Italy: A Trip To The Po To Find A Pygmy Cormorant

April 11, 2008
Yes, those are mozzies buzzing Gene's head; one of the reasons he loves to go birding with me.
I usually bird in the area where we are  moored because I usually have only my feet for transportation, but there have been times when I have driven to distant locations to find a particular bird. In Australia, I had a car and I drove to find a Southern Cassowary, Chowchilla, Budgie, and Buff-breasted Paradise-Kingfisher.  Last week, Gene and I went to the Po River Delta on the Adriatic coast of Italy to find a Pygmy cormorant. I have wanted to see one since learning of them while we were in Turkey. Apparently, there are lots of them in Thessalonika (Northern Greece), but we sailed though the Southern Islands instead of going north (had to see an Eleonora's Falcon and I thought Tilos was my best chance) .

I really thought that I had lost my chance to see a Pygmy until I browsed through Nigel Wheatly’s, Where to
Watch Birds in Europe and Russia. He mentioned that three pairs of Pygmy's bred in the Po River Delta in 1994**. I still had a chance to see them before setting sail for Spain! I did some googling of Pygmy’s in the Po and found a report by someone (sorry, can’t remember who it was) who saw them in the Punta Alberete area of the vast Parco Delta del Parco. More googling showed me where Punta Alberete was.

I talked Gene into going with me, and made a one night reservation at the Corrallo Hotel in the town of Marina Romea. I figured we could check things out once we were there and stay another night if necessary, or move to another location for another night if that was needed. Now all I had to do was get to Marina Romea using public transportation. We went into the termini in Rome and got tickets on a fast train to Bologna where we would then catch another train to Ravenna; from there it would be a short bus ride into Marina Romea.
It was 5:00 pm by the time we got checked in and I inhaled a few olives and a glass of wine before heading out for a little birding before the sun went down. There is a pine forest reserve directly across the street from the hotel and I went in there. I walked through it until I came to the next little town, Porto Corsini. I had a map that the hotel had given me and saw that if I crossed the road here, I could get on a trail that went along the marsh. This area was Pineta Staggioni, not Punta Alberete which was a few miles away.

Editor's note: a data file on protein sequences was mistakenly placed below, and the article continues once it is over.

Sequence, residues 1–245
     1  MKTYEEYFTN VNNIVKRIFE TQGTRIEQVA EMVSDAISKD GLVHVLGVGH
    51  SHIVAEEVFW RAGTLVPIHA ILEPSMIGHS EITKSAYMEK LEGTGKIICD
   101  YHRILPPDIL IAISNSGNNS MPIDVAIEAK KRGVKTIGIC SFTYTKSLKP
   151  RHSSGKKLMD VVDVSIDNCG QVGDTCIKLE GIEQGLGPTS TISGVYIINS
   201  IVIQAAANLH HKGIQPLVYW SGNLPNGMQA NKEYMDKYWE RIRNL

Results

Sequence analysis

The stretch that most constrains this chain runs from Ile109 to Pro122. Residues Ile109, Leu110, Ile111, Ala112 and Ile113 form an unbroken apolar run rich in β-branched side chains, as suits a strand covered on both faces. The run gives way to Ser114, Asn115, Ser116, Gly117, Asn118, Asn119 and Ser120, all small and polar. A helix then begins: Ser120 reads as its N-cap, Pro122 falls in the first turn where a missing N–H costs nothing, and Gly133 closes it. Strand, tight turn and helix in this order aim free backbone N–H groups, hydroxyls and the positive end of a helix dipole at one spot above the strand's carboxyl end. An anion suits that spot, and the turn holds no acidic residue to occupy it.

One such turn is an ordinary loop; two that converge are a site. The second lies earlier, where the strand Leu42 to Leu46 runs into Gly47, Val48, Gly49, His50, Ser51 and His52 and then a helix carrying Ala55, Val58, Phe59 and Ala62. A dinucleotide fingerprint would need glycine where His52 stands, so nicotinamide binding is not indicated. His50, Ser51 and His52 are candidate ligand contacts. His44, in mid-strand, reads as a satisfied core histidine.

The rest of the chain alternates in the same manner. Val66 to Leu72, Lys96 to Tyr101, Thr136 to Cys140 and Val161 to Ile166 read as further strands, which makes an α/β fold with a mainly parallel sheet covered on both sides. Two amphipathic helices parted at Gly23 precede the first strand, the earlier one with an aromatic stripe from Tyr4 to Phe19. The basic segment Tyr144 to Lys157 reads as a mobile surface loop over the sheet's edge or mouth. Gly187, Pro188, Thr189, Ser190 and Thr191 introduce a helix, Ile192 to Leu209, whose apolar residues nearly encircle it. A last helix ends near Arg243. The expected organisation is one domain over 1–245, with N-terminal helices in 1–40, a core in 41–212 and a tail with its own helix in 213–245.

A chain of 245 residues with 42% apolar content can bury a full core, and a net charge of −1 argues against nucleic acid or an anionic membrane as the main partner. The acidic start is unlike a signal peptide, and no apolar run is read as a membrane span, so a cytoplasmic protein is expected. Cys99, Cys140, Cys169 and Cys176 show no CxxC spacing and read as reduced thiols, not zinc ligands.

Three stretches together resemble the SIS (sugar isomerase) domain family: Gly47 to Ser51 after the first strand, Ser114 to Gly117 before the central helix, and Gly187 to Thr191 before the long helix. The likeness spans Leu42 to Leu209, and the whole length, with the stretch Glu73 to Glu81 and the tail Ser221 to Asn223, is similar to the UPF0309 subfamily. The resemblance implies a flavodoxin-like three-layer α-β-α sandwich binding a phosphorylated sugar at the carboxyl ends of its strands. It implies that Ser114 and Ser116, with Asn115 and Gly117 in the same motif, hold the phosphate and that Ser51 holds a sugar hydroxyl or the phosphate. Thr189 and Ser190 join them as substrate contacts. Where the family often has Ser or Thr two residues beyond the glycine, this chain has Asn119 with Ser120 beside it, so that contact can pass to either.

I still had enough light, so I decided to walk back to the hotel via the marsh trail. I had gone a bit north of the trailhead so it took a bit of time to find it. Once I was on it, I soon saw a viewing tower. Instead of going up it right away, I walked past it a bit to the edge of the path and looked over the marsh. I could see four cormorants, very small cormorants; small cormorants with short bills. I hadn't been in town for two hours and I got my bird! It was dusk and my photos were silhouettes even with my setting on low light. I have had this bird on a ‘What I want to see in the Med’ list for quite awhile and I couldn’t believe I found it so quickly. As I walked back to the hotel I started to doubt myself. They were quite far, around 75 yards. Hard to judge. What if the distance was so great that I was seeing the bird as smaller than it really was? What if the bill really wasn’t that short? What if it was a shag?

By the time I got back to the hotel my mood was darkening faster than the sky. “You know what you saw. You knew immediately that it was a Pygmy,” said the little angel on my shoulder. “Yes, but when people really want to see something, they often develop selective vision,” said the evil, confidence killing devil on the other shoulder.

I asked Gene to go back with me in the morning. His eyes are really good, and he is very good at birding, much better than me, and I wanted confirmation.

We went right after breakfast and found the birds in the same spot. Pygmy Cormorants. Lifer #567.We walked along the trail till it ended and I saw another Pygmy there. The sky was whited out and the water was grey, but I tried some photos anyway.

When we got back to Peregrine, I loaded the photos onto the computer. They turned out to look like silhouettes, but they were good enough to show a pygmy cormorant.
click to enlarge
Slender-billed Gull
We stayed two nights at the Corallo. I can recommend it; the staff was excellent(I'm kicking myself for not getting the name of young lady at the front desk, she was great), the place was spotless, and the location was good. The only problem was the trickle of hot water in the shower. Unfortunately for us, the hotel no longer loaned bikes and the bike rental place was not open. Too early in the season? Anyway, you would need a bike or car to see the area well. There is no car rental in Marina Romea so if you want to check this area out by car, you need to rent in Ravenna. I also got lifer #568 on this trip--Common Tern. Here is a list of birds seen in walking distance from the hotel:
Black-necked Grebe
Great Crested Grebe
Little Grebe
Great Cormorant
Pygmy Cormorant
Little Egret (lots)
Grey Heron
Gadwall
Redshank
Greenshank
Curlew Sandpiper
Curlew
Black-headed Gull
Slender-billed Gull
Yellow-legged Gull
Common Tern
Whiskered Tern
Collared Dove
Scops Owls were heard in pine forest across from hotel
Barn Swallow
Hoopoe
Yellow Wagtail
Black Redstart
Stonechat
Blackbird
Sardinian Warblers heard
Cetti’s Warbler
Willow Warbler
Great Tit
Blue Tit
Magpie
Jay
Hooded Crow
Starling
Italian House Sparrows
Goldfinch
Greenfinch
Serin
**That book was published in 2000, and the bird was listed as endangered. After seeing my bird, I went to the IUCN site to see what the status was and was amazed to find that the species has been downgraded to Least Concern. It is good to see that some stories are not all doom and gloom.